My Life in Treasury

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My Life in Treasury: Gareth Evans, Bupa Gareth Evans, Group Treasurer of international healthcare group Bupa, discusses his career in treasury, in particular describing how his experiences on an industry graduate training scheme gave him an appreciation of the special perspective into a business which treasury provides.

My Life in Treasury

Gareth Evans, Group Treasurer, Bupa

Gareth Evans, Group Treasurer, Bupa


In this interview with Eleanor Hill, Editor, Gareth Evans, Group Treasurer of the leading international healthcare group Bupa, describes how his experiences on an industry graduate training scheme gave him an appreciation of the special  perspective into a business which treasury provides, and  what he learnt from his time leading the treasury team at Reuters during its integration with Thomson.
 

How did you come into treasury and what attracted you to the profession?

To be honest, I sort of fell into it. I was on a finance graduate scheme in industry. We had the opportunity to move around  to different departments and treasury was an option for my final placement. It wasn’t an area I knew much about, but it seemed to provide a different lens into the business compared to many of the other accounting and reporting placements I had done. And I still love its lens on the business today.


How has your career progressed through to the role that you hold today?

I started on a sales and marketing graduate scheme with Glaxo Wellcome in the 1990s. Having spent time working within the marketing team, I moved across to the finance scheme where I qualified as a chartered management accountant. I suspect more people were looking to move the other way from finance into marketing, but I had worked on some financial analysis of the success of a marketing campaign and it was the financial side of things that interested me more. Those years on different accounting and reporting placements were a great opportunity to explore many areas of finance, including working as a group management reporting analyst, manufacturing finance analyst, working on a finance systems implementation project and finally in treasury. I still think graduate schemes like that are fantastic in terms of opening your eyes at an early career stage as to what’s possible.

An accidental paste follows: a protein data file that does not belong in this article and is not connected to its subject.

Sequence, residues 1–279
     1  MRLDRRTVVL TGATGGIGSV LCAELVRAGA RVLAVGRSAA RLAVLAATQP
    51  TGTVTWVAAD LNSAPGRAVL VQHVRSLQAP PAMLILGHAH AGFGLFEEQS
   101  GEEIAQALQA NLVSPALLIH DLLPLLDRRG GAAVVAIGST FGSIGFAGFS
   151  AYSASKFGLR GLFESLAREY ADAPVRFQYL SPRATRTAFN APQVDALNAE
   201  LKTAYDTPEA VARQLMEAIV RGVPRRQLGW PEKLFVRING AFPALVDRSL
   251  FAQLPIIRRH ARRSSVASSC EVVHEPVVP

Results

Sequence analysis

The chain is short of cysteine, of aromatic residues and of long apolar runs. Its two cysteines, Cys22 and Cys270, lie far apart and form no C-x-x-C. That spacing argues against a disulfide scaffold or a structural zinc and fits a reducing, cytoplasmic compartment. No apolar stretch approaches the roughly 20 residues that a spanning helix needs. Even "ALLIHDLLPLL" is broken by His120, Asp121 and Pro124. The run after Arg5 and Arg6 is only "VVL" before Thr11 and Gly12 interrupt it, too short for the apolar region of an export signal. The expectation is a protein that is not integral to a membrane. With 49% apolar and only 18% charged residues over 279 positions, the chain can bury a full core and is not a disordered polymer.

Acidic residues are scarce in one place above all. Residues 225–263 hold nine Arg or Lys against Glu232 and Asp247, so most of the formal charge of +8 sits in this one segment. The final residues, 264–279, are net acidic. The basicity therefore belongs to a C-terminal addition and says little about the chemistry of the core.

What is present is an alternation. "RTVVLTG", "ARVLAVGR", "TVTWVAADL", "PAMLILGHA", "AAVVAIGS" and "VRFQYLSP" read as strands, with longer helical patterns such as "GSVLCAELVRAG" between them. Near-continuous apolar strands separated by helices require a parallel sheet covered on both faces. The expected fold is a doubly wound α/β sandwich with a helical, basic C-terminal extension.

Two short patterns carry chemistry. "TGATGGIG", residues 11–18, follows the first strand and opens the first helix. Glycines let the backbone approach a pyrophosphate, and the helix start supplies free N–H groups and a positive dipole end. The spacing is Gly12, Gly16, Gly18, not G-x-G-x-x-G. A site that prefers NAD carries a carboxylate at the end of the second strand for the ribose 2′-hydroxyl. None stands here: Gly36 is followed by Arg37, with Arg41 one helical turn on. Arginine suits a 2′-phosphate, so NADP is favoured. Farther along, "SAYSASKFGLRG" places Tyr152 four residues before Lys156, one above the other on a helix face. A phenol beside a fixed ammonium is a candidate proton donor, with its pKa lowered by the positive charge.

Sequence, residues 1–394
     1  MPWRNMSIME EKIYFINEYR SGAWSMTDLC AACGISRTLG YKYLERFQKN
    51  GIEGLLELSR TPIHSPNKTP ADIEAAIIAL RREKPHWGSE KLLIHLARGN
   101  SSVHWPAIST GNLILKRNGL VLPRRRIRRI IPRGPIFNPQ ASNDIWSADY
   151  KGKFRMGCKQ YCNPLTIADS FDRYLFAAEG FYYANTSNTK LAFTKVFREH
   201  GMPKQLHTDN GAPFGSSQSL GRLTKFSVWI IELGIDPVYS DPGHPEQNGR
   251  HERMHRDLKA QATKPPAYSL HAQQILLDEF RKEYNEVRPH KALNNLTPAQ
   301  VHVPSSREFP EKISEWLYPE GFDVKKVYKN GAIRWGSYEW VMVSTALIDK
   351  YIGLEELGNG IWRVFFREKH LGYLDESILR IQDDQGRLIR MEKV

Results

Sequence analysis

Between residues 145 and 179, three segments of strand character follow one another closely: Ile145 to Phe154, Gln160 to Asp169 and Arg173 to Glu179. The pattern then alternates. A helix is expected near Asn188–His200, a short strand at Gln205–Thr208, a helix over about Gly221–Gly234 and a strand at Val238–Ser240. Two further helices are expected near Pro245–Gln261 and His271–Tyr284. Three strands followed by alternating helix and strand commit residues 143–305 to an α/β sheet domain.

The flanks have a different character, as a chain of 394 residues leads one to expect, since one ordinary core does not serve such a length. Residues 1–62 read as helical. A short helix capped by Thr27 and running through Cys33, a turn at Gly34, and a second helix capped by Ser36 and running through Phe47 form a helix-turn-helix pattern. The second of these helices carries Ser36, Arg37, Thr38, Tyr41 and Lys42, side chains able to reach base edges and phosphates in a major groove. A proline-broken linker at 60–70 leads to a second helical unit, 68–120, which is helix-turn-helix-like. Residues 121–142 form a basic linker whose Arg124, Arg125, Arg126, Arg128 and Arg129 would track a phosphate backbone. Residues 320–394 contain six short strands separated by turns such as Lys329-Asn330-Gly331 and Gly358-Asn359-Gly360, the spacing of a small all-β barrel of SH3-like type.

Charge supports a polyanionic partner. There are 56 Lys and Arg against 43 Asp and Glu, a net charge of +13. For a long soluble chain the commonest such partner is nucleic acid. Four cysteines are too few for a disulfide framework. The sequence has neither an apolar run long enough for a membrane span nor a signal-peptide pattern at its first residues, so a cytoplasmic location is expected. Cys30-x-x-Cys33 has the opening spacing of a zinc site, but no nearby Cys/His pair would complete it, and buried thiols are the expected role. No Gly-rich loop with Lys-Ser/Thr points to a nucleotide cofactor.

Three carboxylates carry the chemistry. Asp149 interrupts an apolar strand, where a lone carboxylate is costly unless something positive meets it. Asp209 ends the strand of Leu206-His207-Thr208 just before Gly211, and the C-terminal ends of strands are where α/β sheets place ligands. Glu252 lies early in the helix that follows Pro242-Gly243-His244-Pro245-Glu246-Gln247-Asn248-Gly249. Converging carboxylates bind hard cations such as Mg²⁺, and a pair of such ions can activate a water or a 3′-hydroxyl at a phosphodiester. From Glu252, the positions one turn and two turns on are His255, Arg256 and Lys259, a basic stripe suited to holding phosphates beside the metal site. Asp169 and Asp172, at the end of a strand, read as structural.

I moved up within the GW/GSK team with exposure to most aspects of its work, ending up as one of the Assistant Treasurers, responsible for a specific region. During this time I also completed my AMCT and MCT qualifications. These exams, coupled with the great experience I was obtaining day-to-day, persuaded me to continue down the treasury path  rather than move into a wider finance role. An opportunity then came up to head the treasury team at Reuters. That was a huge learning experience – leading a treasury team for the first time and also leading the team through a full integration process with Thomson. 

I probably learned more in those years than at any other time. Both teams had to review all processes from scratch and collectively agree how best to structure the team, policy, systems and processes in the new company. While it was unsettling for the people involved, it was an amazing opportunity to be able to explore treasury processes from the ground up and debate all aspects of a treasury function in readiness for the new business. 

For the past decade I have been  Group Treasurer with Bupa. What I’ve always loved about treasury is the variety. Each year at Bupa has had a different focus: managing the implications of the global financial crisis,  preparing for new EU insurance regulation, funding acquisition growth, root and branch process reviews, policy implementation, implementing a new treasury management system. I’ve also enjoyed other aspects of the role such as being a pension scheme trustee and sitting  on the audit committee of one of our listed subsidiaries overseas. These activities  keep life interesting and broaden my appreciation of how things fit together.


How have the demands and needs of treasury changed over the course of your career, and what particular skills does the role require today?

I’m not sure that the fundamentals have changed significantly in terms of needing to have a good feel for identifying and managing financial risk in a pragmatic way which supports the growth of the business. Certainly the area of regulation is one on which I seem to spend significantly more time in recent years. The insurance and financial services space is clearly full of important regulation from both a prudential and a customer point of view, but regulation in general has become a bigger area of focus for all treasurers in recent years – and probably rightly so.

I suspect I would have also said this when I started in treasury, but treasury clearly has a big role to play in supporting the digital agenda of the business. Customer payments and receipt processes are core functions , but treasury often also has a relationship with potential suppliers and needs a good sense of payment processes in general in order to be able to take part in any necessary discussions.

 

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